Operazione Mare Nostrum (Mare Nostrum Operation)
|Paper Size||40 × 60 in|
While our recommended frame color and border or bleed choice is what we feel best complements the art and vision of the artist, by all means, choose a look that best complements your style and space.
Glazing: To eliminate reflective glare, our biggest work (70″ to 80″ on the long side) is protected by an archival laminate in lieu of acrylic. Up to 60″ on the long side is protected by UV acrylic.
Border: If the framed image above is showing a white border, then clicking on Full Bleed will not show what full bleed looks like. We only show how a border will look. Your choice will appear on your order. The border on work up to 40″ x 60″ is about 2.5″ and about 3.5″ on our biggest work.
Frame Color: Clicking on Frame Color will not change the color of the frame, but your choice will appear on your order.
Frames: Our frames are custom made from robust solid wood Studio moulding, 2″ deep with a 3/4″ face width and joined at the corners with butterfly joints.
Orientation: Some work can be displayed either horizontal or vertical—should you wish to change orientation, please contact us and we’ll place the D-rings accordingly and confirm via email.
We print exclusively on Hahnemühle 100% Cotton Photo Rag Baryta paper and museum shadowbox frame in solid wood, Studio moulding handcrafted in a robust, contemporary profile preferred by galleries and museums worldwide.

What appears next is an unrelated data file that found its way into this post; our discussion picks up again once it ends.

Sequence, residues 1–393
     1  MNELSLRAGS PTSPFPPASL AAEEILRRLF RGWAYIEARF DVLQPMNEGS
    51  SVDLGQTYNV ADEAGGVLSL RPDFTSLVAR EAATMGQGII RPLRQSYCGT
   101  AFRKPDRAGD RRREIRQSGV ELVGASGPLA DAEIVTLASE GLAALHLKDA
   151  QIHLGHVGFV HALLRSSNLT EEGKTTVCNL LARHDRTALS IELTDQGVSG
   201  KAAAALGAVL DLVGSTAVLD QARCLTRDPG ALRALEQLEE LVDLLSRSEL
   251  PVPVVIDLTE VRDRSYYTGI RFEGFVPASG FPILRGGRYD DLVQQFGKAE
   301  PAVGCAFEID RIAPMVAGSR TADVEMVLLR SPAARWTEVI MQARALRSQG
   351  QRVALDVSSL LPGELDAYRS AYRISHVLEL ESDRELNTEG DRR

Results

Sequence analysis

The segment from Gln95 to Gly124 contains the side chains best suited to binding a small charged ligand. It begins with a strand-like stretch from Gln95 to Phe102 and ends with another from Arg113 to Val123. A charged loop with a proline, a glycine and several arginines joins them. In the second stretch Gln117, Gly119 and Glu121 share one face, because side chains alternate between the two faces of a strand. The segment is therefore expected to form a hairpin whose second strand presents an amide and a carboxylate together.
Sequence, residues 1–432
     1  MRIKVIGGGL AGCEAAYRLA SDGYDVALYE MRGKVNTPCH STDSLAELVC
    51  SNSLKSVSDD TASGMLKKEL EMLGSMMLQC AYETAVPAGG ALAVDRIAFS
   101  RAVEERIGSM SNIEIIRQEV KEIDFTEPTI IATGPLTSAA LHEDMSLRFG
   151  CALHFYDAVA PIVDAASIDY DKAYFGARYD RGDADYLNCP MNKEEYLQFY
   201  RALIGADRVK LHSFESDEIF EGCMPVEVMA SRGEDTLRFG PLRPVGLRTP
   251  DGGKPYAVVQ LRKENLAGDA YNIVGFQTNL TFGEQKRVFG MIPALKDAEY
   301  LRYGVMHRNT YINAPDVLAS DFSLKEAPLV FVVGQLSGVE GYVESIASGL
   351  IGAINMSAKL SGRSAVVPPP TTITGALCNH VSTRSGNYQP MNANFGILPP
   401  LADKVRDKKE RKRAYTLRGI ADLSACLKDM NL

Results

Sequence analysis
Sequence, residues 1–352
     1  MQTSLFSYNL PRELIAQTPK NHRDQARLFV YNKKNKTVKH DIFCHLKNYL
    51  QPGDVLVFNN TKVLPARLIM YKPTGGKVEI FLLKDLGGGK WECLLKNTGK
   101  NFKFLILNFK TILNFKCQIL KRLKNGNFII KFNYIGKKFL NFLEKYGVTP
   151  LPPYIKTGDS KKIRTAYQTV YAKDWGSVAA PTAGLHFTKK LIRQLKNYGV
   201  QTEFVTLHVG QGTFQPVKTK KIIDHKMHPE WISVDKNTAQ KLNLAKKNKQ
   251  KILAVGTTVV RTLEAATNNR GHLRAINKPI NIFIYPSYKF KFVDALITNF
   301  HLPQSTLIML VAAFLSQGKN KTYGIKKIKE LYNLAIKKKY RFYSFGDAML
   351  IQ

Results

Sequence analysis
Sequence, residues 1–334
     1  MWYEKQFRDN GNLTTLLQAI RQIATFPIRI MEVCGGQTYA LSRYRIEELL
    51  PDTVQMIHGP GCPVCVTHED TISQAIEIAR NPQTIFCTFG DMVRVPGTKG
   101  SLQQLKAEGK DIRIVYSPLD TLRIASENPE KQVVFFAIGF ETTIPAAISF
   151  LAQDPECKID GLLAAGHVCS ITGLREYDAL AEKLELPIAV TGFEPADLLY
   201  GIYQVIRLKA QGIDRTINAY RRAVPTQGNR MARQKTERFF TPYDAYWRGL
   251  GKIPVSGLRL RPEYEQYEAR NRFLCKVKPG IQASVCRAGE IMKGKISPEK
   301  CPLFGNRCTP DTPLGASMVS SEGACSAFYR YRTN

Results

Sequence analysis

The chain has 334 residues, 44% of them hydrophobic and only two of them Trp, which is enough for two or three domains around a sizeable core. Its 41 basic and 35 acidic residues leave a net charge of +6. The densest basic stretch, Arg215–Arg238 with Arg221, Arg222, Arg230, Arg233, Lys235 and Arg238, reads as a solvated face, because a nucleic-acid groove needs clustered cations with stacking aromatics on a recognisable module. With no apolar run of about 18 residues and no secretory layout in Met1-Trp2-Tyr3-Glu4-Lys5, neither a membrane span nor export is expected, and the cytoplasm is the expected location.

Ask us should you need help or clarification. And please double check your (c)art to ensure your choices are correct.
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World Press Photo 2015, general news , 2nd prize singles: rescue from Bergamini ship of italian Navy 07 June 2014 Mediterranean Sea.
I was able to be on board of the helicopter thanks to the long-lasting collaboration I have with the Italian State Police with whom I also realized the exhibition Italia’s horizons.
Refugees crowd on board a boat some 25 kilometers from the Libyan coast, prior to being rescued by an Italian naval frigate working as part of Operation Mare Nostrum (OMN). The search-and-rescue operation was put in place by the Italian government, in response to the drowning of hundreds of migrants off the island of Lampedusa at the end of 2013. The numbers of people risking their lives to cross the Mediterranean Sea rose sharply in 2014, as a result of conflicts or persecution in Syria, the Horn of Africa, and other sub-Saharan countries.
OMN involved the Italian Red Cross, Save the Children, and other NGOs in an effort not only to rescue lives, but to provide medical help, counseling, and cultural support. Naval officers were also empowered to arrest human traffickers and seize their ships. In its one year of operation, OMN brought 330 smugglers to justice, and saved more than 150,000 people, at least a quarter of which were refugees from Syria. The operation was disbanded in October, and replaced by Triton, an operation conducted by the EU border agency Frontex, focusing more on surveillance than rescue.